Home > Pyla-Koutsopetria Archaeological Project > Field school or field project?

Field school or field project?

One of the unique features of PKAP is that we are a hybrid project.  We involve students in almost all aspects of fieldwork, much like an archaeological field school (i.e. a project this is primarily designed to teach students archaeological method and practice), but we also maintain a strong focus on research and pursue fieldwork directed by very specific questions regarding the nature of Mediterranean exchange networks, settlement patterns, et c. 

This inevitable causes conflict among senior staff as to the nature and extent of student involvement.  This season (as in the past) our debates regarding student involvement revolve around differing philosophies of archaeological education.  I argue that students learn archaeological practice largely from practicing archaeology.  The experiences of a regular fieldwork routine focused on accomplishing a specific task — whether it be field walking, pottery washing, pottery sorting, or even data entry — give the students not only experience in the meticulous and detailed nature of archaeological research, but also provide them with a sense of accomplishment when they see how their specific responsibility fits into the larger goals of the project.  In the best cases, students who are given a specific task to accomplish over the course of a field season develops a degree of expertise in the specific task and can actually help us to refine the methods or procedures that we employ. 

Students enjoying the routine pleasure of fieldwalking

In practice, my philosophy involves assigning specific jobs to specific students.  For example, one student might be in charge of data entry for the season, another regularly assigned to a field team, another assigned to assist a more senior person in mapping survey units.  These tasks do not vary over the season ensuring that the student develops a degree of experience and “expertise” over the three or four weeks of work.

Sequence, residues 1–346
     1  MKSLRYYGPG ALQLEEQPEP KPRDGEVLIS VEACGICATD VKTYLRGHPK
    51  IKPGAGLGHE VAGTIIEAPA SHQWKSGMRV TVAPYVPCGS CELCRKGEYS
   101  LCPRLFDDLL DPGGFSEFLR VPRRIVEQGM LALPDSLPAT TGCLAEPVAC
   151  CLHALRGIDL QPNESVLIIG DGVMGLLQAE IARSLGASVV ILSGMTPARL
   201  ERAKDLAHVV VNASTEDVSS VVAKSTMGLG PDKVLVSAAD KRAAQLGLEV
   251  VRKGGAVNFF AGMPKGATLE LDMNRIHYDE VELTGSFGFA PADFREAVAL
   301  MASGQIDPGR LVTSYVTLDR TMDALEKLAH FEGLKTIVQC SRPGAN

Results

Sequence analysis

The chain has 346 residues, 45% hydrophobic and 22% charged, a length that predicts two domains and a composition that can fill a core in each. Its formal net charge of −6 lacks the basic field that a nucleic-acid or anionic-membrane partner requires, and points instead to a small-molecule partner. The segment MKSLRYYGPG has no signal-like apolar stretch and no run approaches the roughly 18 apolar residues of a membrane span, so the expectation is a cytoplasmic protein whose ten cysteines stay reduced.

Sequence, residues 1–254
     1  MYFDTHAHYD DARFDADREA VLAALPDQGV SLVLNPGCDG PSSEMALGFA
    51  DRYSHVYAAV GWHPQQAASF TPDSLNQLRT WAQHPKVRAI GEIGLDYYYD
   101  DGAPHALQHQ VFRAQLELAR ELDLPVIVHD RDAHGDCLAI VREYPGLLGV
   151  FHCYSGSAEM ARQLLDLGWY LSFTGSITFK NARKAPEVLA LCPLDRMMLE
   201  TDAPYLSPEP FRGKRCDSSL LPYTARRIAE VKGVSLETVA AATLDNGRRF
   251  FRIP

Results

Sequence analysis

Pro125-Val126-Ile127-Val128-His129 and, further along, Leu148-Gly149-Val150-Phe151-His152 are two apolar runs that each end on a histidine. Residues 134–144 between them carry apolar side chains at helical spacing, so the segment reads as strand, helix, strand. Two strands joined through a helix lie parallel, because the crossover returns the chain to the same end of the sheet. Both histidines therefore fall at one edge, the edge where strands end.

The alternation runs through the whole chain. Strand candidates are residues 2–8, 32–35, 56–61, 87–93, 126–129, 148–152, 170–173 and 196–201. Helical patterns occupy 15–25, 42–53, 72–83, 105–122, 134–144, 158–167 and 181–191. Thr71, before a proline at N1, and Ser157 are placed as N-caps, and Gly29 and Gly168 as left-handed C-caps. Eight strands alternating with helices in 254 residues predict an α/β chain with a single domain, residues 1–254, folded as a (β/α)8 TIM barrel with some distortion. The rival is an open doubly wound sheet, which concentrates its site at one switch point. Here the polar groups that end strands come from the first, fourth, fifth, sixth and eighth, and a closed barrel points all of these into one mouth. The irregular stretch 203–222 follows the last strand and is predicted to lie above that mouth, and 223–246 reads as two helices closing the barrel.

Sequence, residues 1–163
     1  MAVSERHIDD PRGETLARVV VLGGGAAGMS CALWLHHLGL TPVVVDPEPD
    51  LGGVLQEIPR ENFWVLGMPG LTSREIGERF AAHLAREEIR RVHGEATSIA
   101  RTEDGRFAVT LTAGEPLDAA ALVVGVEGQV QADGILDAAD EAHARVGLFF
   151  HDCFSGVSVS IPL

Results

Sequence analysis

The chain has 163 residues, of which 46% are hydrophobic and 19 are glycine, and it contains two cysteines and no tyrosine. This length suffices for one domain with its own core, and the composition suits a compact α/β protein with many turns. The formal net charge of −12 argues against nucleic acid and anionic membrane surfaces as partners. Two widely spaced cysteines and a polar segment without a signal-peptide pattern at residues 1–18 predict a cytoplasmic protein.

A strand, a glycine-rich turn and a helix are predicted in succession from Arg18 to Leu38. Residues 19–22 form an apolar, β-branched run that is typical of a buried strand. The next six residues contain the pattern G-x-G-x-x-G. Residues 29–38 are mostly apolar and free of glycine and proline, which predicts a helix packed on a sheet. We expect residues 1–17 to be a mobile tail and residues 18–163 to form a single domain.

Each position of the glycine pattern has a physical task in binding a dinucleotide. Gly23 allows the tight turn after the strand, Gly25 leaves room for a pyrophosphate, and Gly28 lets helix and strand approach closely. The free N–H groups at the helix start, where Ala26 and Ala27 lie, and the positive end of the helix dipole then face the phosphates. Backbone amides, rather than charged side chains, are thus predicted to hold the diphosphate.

David Pettegrew, my arch nemesis in this matter, is a proponent of the “rotation school” of archaeological education.  The so-called “rotation school” cruelly deprives students of the wide-ranging pleasures of archaeological routine as they are “rotated” through various different tasks on a daily basis.  This practice is neither an ideal experience for the project — as it deprives us of students who have even limited experience at any task — but it is bad for the students as well as they never develop the sense of accomplishment that comes from performing an important function of the project consistently and well.

David, of course, sees this differently…

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